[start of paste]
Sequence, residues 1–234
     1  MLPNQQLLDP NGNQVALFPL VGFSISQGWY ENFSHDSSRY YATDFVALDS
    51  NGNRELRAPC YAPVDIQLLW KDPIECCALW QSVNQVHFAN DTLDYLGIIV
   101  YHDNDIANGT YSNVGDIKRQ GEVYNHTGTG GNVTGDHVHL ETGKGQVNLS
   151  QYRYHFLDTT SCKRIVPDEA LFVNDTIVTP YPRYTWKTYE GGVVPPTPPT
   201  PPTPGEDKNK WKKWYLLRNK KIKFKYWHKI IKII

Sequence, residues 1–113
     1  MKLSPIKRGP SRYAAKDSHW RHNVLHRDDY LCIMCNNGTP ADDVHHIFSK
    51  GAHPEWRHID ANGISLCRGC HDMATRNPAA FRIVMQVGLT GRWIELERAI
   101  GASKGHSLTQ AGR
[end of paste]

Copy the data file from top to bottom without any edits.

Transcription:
Sequence, residues 1–234
     1  MLPNQQLLDP NGNQVALFPL VGFSISQGWY ENFSHDSSRY YATDFVALDS
    51  NGNRELRAPC YAPVDIQLLW KDPIECCALW QSVNQVHFAN DTLDYLGIIV
   101  YHDNDIANGT YSNVGDIKRQ GEVYNHTGTG GNVTGDHVHL ETGKGQVNLS
   151  QYRYHFLDTT SCKRIVPDEA LFVNDTIVTP YPRYTWKTYE GGVVPPTPPT
   201  PPTPGEDKNK WKKWYLLRNK KIKFKYWHKI IKII

Sequence, residues 1–113
     1  MKLSPIKRGP SRYAAKDSHW RHNVLHRDDY LCIMCNNGTP ADDVHHIFSK
    51  GAHPEWRHID ANGISLCRGC HDMATRNPAA FRIVMQVGLT GRWIELERAI
   101  GASKGHSLTQ AGR